├─sdb2 8:18 0 15.7G part swap [SWAP] a317f5e0-9703-4648-aca7-cce614ce8dfe
├─sdb3 8:19 0 207.4G part btrfs /mnt2/rockstor_rockstor 3a717616-0582-4c85-8f59-4e40750e5532
└─sdb1 8:17 0 500M part ext4 /boot c534cf91-37d3-4b59-b262-c98548b08ac6
sde 8:64 0 186.3G disk
sdc 8:32 0 186.3G disk
sda 8:0 1 29.1T disk btrfs /mnt2/Datrom 360efa5f-a685-4404-b508-59753d752216

This is why I’m looking for faster solution or access to repetitive files. Please read next

Side note:
This is actually a production system in my mini video edition work flow. I’m using 40Gb mellanox NICs to read from/to this Rockstor server. I’m using in my editing workstations Premiere Pro 2019. Project involves about 100GB of proxy multicam vide files (reduced size from the original video files that sometimes are 4k video at 100mb/s frame rates each) but the original usually is about 420Gb multiple shots per camera a total of 4 or 5 cameras or video files need to be reviewed back and forth to select best shots and do cuts, editing, color correction and such.

Can some one point me to the right direction. I can easily replicate this server scenario in another system I have in case that some want to give me a hand and used it as a testing system other then my production one.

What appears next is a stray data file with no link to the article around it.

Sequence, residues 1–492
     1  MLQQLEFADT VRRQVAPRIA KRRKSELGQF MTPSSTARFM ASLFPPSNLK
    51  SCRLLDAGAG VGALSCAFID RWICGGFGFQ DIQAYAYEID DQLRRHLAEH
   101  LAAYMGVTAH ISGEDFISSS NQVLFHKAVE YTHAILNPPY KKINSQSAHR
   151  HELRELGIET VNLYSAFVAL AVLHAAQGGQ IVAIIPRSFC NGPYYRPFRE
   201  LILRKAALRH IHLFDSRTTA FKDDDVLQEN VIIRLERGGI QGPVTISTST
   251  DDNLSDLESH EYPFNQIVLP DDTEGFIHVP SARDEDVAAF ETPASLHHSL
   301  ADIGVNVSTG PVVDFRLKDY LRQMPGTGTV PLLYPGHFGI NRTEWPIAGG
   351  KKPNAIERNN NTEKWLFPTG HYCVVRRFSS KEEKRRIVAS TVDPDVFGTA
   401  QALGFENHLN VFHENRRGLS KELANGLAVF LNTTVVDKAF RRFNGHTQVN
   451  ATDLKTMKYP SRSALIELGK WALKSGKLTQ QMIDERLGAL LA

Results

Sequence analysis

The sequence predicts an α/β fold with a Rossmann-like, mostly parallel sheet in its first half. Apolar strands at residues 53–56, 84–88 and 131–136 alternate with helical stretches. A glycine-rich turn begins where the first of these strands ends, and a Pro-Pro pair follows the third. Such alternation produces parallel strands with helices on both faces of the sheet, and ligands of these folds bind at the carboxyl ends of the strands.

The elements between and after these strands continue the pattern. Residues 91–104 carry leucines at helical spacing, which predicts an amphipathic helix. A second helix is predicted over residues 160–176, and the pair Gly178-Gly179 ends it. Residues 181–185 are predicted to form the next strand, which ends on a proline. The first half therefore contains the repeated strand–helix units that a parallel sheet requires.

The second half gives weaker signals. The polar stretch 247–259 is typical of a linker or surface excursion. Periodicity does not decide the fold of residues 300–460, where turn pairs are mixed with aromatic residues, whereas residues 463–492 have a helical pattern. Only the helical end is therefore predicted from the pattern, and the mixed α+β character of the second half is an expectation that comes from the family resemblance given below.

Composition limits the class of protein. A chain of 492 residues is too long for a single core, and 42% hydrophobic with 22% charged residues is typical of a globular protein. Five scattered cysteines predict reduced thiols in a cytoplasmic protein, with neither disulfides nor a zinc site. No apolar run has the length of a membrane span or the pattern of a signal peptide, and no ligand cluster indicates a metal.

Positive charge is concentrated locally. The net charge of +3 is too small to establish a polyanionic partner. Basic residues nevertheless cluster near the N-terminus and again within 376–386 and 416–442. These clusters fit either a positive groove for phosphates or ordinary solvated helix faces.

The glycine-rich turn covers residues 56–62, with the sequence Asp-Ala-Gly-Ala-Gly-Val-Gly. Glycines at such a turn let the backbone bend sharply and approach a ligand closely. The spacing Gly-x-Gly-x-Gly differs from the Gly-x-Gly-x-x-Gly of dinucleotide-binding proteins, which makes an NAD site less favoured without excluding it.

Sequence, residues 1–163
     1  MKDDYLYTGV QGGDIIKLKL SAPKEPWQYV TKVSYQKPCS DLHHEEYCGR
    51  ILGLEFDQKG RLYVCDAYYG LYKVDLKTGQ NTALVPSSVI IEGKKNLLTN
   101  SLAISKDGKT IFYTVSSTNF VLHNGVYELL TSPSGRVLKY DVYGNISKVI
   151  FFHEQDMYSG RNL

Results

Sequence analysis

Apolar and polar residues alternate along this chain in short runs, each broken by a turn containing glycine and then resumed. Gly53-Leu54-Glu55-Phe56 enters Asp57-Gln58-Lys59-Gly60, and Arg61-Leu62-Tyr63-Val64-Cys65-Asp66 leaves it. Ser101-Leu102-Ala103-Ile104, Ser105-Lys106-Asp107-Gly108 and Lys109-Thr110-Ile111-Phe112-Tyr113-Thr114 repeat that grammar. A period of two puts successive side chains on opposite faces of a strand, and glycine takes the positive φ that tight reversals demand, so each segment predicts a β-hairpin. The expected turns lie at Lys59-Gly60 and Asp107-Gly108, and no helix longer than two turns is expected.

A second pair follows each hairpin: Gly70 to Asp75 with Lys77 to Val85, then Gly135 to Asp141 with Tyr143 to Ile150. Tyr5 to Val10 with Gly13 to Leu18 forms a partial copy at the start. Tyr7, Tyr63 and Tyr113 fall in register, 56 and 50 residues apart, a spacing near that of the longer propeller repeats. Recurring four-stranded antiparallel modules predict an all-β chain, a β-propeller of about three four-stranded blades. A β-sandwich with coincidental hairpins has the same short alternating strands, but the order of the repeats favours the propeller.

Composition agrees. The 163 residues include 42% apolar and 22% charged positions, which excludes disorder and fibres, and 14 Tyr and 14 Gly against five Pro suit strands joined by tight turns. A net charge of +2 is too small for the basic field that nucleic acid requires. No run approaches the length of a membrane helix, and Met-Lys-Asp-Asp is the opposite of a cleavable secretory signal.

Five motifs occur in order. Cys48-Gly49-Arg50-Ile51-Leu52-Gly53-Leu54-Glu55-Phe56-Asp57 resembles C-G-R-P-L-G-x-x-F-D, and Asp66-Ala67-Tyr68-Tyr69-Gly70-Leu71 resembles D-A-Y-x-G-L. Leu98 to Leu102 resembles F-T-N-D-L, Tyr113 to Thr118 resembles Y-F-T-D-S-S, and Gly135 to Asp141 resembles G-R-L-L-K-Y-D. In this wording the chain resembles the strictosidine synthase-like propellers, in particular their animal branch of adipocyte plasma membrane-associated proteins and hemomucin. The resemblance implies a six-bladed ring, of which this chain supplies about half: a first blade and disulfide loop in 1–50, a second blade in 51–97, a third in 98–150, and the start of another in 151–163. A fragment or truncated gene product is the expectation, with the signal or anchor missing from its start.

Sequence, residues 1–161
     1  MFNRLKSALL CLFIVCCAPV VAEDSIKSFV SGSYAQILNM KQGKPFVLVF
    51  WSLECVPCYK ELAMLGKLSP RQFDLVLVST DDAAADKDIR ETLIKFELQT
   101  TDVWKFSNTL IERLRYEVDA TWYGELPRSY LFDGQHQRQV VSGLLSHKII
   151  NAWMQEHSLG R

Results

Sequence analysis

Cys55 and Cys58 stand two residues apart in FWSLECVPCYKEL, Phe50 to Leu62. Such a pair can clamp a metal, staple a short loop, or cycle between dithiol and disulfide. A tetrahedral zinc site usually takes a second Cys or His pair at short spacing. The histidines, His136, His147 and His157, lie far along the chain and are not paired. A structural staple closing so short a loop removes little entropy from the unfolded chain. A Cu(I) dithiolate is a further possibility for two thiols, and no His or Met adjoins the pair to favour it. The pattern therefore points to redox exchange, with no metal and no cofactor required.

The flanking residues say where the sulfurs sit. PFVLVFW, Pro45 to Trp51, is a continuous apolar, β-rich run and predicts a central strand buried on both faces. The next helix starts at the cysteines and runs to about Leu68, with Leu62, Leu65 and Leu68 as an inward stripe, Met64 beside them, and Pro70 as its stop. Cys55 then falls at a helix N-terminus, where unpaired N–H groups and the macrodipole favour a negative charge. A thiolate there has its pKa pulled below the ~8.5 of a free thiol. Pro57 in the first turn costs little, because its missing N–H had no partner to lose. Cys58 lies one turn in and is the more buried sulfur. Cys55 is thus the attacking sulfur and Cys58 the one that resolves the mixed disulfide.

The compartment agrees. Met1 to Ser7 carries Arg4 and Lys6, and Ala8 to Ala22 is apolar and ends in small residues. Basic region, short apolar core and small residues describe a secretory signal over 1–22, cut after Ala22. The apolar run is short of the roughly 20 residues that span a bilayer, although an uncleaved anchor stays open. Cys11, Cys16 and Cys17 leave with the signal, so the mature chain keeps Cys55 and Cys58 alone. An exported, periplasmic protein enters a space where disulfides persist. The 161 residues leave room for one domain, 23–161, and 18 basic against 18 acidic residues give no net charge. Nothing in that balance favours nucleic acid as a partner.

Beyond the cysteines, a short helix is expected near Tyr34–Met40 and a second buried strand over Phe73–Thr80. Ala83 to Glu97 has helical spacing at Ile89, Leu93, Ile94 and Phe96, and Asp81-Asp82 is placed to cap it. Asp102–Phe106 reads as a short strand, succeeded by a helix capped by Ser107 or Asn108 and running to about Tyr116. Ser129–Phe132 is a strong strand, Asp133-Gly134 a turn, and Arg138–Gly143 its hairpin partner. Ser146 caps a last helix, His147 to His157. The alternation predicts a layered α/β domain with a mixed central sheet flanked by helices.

thanks for the guide

but after install bcache on 4.12.4-1.el7.elrepo.x86_64

the system cannot boot

screen shows

then I switch to 4.10.6-1.el7.elrepo.x86_64 and booted the system normally

the bcached disks showed up and can be imported

would you please check these messeges and tell me what the problem and how can I fix it?

thanks very much !

@iecs Hello again.

That is a strange one. I suggest starting a new post with your findings as this wiki thread was intended just for development notes. So folks may be more willing to respond to a general thread than this one. And as indicated here the bcache support is fledgling currently as it depends on so many custom arrangements such as the custom udev rule etc detailed above.

Also note that development on our CentOS variant ceased as of 3.9.2-57. So any updates that we may need to address issues with regard to bchache will only appear in our Rockstor 4 variant which is now ‘Built on openSUSE’ see: